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1 of 1 people found the following review helpful
3.0 out of 5 stars It Should have Jumped Right In... May 17, 2013
By The Tim
I wanted to rate this book 4 stars. While the writing can be a bit stale at times this book has a lot to be praised. It is a remarkably concise and yet very broad book about many essential concepts in Inroganic Chemistry. While the chapters on symmetry and point groups were very confusing in my opinion I very much enjoyed many of the other chapters, particularly the chapters on coordination chemistry and spectroscopy. The authors cut right to the point (which makes this a surprisingly short textbook) and even as someone without the strongest background in math and quantum mechanics I still found I could learn a lot from the book. Moreover, they provide extensive references for further reading. Plenty of textbooks are reference-laden but this book puts them out for the reader to easily see, allowing them to furhter purse topics of interest, a must for a book so short.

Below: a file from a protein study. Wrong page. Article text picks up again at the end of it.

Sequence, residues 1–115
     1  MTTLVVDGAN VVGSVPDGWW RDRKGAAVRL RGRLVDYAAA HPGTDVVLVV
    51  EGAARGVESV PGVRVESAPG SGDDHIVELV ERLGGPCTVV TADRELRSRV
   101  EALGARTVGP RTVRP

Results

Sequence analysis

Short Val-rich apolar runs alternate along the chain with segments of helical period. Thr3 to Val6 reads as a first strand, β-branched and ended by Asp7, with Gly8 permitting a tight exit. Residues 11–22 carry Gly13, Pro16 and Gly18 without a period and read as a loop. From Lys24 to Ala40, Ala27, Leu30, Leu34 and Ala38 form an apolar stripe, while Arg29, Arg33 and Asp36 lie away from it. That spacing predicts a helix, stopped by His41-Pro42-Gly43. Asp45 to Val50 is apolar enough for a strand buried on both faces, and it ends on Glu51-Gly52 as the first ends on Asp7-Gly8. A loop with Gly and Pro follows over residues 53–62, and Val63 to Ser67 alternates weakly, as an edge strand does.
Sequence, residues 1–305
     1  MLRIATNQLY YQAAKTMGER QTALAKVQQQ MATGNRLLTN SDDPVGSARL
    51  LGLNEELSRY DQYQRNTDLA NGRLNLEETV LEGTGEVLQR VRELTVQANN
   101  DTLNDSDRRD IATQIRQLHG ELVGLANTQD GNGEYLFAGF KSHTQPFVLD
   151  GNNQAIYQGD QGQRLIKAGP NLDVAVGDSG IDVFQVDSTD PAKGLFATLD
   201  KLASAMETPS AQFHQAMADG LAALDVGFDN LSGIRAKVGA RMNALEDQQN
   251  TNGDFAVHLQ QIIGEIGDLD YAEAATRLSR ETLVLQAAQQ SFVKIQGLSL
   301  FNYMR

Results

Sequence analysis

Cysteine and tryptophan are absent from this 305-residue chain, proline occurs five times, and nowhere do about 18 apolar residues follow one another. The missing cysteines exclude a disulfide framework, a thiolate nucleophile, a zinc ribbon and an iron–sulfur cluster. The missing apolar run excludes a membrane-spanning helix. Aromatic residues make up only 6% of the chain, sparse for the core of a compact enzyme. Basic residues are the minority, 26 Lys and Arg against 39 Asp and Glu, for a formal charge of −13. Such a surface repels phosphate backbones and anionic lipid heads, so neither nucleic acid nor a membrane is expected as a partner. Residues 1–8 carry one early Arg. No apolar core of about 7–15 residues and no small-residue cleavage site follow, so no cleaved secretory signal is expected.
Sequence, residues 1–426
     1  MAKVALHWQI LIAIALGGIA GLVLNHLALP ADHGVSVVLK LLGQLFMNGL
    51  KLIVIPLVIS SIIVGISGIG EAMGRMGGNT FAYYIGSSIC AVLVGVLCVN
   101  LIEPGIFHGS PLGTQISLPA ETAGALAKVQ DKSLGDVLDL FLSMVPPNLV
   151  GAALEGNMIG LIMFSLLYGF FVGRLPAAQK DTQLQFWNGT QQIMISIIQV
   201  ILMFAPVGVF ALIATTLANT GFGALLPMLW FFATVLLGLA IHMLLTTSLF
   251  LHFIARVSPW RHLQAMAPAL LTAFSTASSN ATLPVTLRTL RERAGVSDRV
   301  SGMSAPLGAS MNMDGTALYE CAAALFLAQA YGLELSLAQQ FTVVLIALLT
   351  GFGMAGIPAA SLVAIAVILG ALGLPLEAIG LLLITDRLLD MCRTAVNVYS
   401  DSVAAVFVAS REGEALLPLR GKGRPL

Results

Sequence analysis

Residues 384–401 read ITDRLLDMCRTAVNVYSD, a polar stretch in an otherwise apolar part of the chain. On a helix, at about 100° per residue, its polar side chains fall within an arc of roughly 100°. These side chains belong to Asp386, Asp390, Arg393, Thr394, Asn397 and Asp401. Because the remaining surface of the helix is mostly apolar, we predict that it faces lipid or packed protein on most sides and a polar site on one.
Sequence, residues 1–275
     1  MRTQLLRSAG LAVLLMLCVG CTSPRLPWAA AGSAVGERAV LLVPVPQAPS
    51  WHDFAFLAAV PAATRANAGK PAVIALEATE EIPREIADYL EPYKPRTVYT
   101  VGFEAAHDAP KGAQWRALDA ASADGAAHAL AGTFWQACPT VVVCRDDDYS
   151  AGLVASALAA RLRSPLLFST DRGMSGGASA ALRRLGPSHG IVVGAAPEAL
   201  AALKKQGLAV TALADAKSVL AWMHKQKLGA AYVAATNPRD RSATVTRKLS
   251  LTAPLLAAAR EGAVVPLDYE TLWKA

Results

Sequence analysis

Why do I rate it 3 stars? Quite simply the book gets off to a very slow start. The authors are clearly trying to establish a bridge between basic inorganic chemistry and advanced topics but their writing style does not suit basic topics at all. I was lucky enough to have Inorganic Chem I fresh in my mind during Inorganic II and I found this book made many simple topics like basic MO theory unnecessarily confusing. If they had gone right to Group Theory from the start of the book I would have given it 4 stars. It gets off, however, to a weak and confusing start. Anyone who is rusty on basic atomic orbital knowledge and basic MO theory should use another book.

In the end, though, this is still a very solid book, especially for someone who is well-versed in quantum mechanics. Definetely worth considering.
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Most Recent Customer Reviews
4.0 out of 5 stars Inorganic Ride of your Lifetime!
Book sucks. Doesn't explain concepts very well. There has got to be a better textbook for inorganic chemistry. Labile Ligands.
Published 4 months ago by MillerMan107348
4.0 out of 5 stars Comprehensible
I used this book for my undergraduate course in Inorganic. I thought it did it's job pretty well. The explanations were simple and easy to follow. Read more